Why do NM’s Catholic bishops oppose dignity of work, training for SNAP benefits?

Yesterday Paul Gessing of the Rio Grande Foundation posted a great piece addressing the incorrect stance that New Mexico Conference of Catholic Bishops (NMCCB) have taken in regard to SNAP benefits.

After reading the NMCCB’s statement I was reminded of a scripture, which helped influence the John Smith in early days of Virginia at a time when some were more interested in pleasure-seeking than surviving the coming winter:

“This we commanded you, that if any would not work, neither should he eat.”  II Corinthians 3:10

Mr. Gessing addresses the inconsistencies in NMCCB’s reasoning over SNAP in the piece below which I have cross-posted from his website Errors of Enchantment.

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By Paul Gessing of the Rio Grande Foundation:

The Catholic Church in New Mexico seems to be more consistent in its advocacy for bigger government than it is in truthfully explaining public policies enacted or proposed by the State’s political leadership. Check out this statement on the Martinez Administration’s proposed changes to SNAP/food stamps from the New Mexico Conference of Catholic Bishops. To summarize the Bishops’ statement: they’re opposed in part because New Mexico’s terrible economy isn’t generating enough jobs for people who The Governor’s proposed changes would restore some kind of work requirement or require job training or community service for certain recipients of food stamps. As detailed by Capitol Report New Mexico, these requirements hardly require all food stamp recipients to get a job:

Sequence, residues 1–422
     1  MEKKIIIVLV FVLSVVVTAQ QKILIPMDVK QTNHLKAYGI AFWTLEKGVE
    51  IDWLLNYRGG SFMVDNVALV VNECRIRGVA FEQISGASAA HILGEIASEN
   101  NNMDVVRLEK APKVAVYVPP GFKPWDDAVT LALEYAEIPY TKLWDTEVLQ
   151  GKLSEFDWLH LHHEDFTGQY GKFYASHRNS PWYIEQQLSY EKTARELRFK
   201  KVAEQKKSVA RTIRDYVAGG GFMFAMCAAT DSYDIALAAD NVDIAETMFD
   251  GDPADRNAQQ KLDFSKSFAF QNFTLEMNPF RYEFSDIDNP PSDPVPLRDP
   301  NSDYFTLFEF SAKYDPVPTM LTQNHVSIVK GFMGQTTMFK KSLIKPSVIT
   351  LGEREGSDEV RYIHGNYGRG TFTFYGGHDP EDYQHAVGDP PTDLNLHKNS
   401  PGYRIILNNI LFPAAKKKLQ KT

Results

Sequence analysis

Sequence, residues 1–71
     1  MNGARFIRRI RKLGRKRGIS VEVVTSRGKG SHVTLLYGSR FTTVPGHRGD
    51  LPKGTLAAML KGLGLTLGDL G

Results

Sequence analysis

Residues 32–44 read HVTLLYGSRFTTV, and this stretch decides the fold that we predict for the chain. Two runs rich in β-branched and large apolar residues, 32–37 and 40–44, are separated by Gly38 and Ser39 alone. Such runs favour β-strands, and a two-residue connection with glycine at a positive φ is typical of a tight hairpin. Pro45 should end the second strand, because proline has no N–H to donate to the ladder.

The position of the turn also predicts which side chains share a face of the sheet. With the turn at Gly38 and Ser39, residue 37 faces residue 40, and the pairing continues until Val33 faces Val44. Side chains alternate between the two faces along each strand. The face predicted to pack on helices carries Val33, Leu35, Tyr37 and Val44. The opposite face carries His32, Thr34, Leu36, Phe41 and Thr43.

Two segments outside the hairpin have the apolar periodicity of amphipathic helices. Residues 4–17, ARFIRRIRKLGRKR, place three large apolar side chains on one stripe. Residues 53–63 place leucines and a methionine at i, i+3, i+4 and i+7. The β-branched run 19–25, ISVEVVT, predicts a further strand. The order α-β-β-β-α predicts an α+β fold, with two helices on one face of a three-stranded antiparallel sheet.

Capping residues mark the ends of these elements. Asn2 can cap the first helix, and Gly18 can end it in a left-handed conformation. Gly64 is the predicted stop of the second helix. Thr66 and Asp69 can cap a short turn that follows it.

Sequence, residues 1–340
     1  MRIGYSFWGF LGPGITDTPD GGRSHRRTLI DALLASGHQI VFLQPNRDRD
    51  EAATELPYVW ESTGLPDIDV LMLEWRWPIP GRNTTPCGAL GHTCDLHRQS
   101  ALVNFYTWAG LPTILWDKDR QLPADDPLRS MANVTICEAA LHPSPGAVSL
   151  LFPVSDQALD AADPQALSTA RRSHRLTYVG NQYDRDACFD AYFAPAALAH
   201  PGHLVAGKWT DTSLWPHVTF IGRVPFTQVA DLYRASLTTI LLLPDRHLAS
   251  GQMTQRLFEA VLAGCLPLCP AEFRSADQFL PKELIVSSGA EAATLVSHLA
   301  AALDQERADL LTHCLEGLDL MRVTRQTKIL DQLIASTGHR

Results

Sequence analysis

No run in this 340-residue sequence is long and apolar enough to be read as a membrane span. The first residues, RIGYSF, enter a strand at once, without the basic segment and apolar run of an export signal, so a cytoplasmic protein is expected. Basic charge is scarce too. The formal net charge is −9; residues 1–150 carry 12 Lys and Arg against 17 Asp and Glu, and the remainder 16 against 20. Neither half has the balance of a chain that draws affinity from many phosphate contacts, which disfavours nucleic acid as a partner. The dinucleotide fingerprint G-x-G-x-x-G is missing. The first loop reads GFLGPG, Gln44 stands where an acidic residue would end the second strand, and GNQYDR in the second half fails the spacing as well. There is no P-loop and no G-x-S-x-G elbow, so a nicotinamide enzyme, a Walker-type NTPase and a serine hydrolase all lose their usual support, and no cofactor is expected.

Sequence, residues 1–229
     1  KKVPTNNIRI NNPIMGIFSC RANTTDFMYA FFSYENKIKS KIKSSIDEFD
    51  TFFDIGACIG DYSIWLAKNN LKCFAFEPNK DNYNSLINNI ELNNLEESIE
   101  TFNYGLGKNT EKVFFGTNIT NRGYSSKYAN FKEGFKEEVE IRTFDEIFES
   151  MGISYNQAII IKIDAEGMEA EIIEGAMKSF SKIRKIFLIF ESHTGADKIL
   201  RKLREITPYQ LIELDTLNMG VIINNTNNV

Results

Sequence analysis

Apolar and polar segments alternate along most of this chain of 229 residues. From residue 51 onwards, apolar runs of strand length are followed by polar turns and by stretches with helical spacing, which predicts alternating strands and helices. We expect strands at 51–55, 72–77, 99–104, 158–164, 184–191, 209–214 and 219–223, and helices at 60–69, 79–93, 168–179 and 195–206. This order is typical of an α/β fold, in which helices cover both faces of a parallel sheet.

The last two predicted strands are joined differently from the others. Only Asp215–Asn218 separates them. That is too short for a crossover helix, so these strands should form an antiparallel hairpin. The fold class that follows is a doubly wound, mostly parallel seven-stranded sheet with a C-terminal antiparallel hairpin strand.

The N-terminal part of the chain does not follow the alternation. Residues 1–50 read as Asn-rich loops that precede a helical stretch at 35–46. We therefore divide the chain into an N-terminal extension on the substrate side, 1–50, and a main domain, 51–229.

The rule won’t be forcing young mothers to abandon their toddlers. It won’t apply to disabled people who use food stamps, or the elderly.

The only people affected will be able-bodied adults between the ages of 18 and 59. Teenagers 16 and 17 who get SNAP benefits have to prove they’re in school or in a jobs training program.

According to HSD spokesman Matt Kennicott, if you’re a single parent with a child younger than 6, you’re exempt.

If you are receiving unemployment benefits, you’re exempt.

If you’re a college student — even if you’re only in school part-time — you’re exempt. Pregnant women are exempt.

If you have a low-paying job, you don’t have to apply for a better-paying job to keep your benefits.

If you’re a single parent with a kid older than 6, you have to prove you’re looking for a job but you can skip the jobs training and community service requirements.

Set aside the public policy value of having New Mexicans take proactive steps to find work or improve themselves in order to receive government benefits…you know, “Give a man a fish, he’ll eat for a day. Teach a man to fish and he’ll eat for life.”

The Bishops’ statement appears to directly contradict statements from Saint (Pope) John Paul II and a recent statement from Pope Francis (Without Work, Human Dignity is Wounded):

It is necessary to reaffirm that employment is necessary for society, for families and for individuals”, said the Pope. “Its primary value is the good of the human person, as it allows the individual to be fully realised as such, with his or her attitudes and intellectual, creative and manual capacities. Therefore, it follows that work has not only the economic objective of profit, but above all a purpose that regards man and his dignity. And if there is no work, this dignity is wounded! Indeed, the unemployed and underemployed risk being relegated to the margins of society, becoming victims of social exclusion.

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